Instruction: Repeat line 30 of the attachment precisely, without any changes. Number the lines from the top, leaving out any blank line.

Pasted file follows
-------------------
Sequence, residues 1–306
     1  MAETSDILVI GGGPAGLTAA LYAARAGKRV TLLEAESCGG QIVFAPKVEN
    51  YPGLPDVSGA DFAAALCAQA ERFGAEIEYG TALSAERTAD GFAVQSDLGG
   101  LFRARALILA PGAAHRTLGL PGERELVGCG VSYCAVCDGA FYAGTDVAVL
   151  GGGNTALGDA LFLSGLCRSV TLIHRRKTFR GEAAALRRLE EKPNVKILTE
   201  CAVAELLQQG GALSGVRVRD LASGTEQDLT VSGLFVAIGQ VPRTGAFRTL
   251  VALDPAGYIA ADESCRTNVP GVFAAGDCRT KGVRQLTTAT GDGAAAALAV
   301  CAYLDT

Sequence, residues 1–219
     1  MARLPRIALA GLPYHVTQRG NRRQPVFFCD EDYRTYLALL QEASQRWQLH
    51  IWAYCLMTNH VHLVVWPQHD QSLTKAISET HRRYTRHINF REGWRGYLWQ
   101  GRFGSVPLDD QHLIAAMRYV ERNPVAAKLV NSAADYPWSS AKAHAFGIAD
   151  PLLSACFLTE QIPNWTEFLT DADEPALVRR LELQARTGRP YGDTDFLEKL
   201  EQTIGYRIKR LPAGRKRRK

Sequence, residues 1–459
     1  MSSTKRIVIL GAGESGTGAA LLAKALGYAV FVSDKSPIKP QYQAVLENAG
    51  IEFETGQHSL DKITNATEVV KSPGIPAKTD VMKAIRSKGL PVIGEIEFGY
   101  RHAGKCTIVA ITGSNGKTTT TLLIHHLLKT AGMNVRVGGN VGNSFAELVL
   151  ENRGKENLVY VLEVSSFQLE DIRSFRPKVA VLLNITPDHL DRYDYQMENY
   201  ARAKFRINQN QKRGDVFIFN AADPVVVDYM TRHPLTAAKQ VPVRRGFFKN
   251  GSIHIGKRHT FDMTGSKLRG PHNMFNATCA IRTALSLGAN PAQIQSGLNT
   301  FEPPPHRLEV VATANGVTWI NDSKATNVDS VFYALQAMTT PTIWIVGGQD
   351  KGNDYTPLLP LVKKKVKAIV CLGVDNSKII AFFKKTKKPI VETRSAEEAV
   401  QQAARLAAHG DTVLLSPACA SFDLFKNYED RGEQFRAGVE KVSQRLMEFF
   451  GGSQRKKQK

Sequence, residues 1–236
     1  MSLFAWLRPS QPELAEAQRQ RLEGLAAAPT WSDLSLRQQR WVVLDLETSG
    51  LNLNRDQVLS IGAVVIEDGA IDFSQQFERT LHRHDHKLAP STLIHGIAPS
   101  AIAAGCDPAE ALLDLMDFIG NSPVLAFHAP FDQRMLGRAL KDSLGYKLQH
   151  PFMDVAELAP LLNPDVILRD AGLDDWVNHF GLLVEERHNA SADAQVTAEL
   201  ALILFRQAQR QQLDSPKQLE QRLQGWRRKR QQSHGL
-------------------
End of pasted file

   151  PFMDVAELAP LLNPDVILRD AGLDDWVNHF GLLVEERHNA SADAQVTAEL